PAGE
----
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How to Evaluate a Probiotic

07 Jul, 2016

How to Evaluate a Probiotic

Probiotics have proven to be beneficial when used in appropriate circumstances with an effective protocol. How do you know if the specific probiotic preparation you are using is going to be effective and if it is, just how effective is it? Recent research reported by the University of Kentucky and Ohio State University has provided practical guidelines for probiotic evaluation.

Does Probiotic Strain and Dose Matter?

University of Kentucky researchers compared three Lactobacillus strains individually and a mixture of all three strains in their ability to change the microbiome in equines. Lactobacillus acidophilus, Lactobacillus reuteri and Lactobacillus buchneri were each dosed at 1 billion CFU’s in an equine in vitro trial. L. acidophilus and L. reuteri were more effective at increasing pH, increasing lactic acid utilizing bacteria and decreasing starch utilizing bacteria compared to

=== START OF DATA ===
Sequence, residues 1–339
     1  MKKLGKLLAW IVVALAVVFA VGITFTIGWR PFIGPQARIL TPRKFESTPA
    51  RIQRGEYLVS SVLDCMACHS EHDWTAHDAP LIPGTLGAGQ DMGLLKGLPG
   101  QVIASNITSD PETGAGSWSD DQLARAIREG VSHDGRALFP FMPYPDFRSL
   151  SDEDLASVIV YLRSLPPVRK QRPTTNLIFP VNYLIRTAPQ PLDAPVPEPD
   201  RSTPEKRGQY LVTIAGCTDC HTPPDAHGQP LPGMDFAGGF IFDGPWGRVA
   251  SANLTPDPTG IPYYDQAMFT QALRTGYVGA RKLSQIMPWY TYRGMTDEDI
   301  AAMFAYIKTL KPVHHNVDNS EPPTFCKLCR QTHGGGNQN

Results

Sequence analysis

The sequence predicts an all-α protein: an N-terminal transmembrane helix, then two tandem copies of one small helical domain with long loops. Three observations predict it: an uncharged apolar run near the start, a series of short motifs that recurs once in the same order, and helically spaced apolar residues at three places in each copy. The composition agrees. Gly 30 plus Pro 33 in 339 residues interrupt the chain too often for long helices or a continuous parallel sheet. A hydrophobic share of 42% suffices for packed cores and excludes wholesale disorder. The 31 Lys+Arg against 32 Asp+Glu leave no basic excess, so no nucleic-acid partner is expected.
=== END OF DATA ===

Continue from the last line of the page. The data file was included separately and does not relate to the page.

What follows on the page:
1. buchneri. However, the ability of all three strains to alter the equine microbiome when combined in equal amounts to provide a total of 1 billion CFU’s was significantly less than any of the three individual strains dosed at 1 billion CFU’s. This research illustrates two major points:
  2. There is a minimum CFU’s that needs to be supplied by each individual probiotic strain in order to be effective. Products that combine multiple probiotic strains where each individual probiotic strain contributes less than 1 billion CFU’s should not be expected to effectively alter the equine microbiome even if the sum of all individual probiotic strains combined is greater than 1 billion CFU’s.
  3. Not all probiotic strains effectively change the equine microbiome even when dosed at 1 billion CFU’s or more.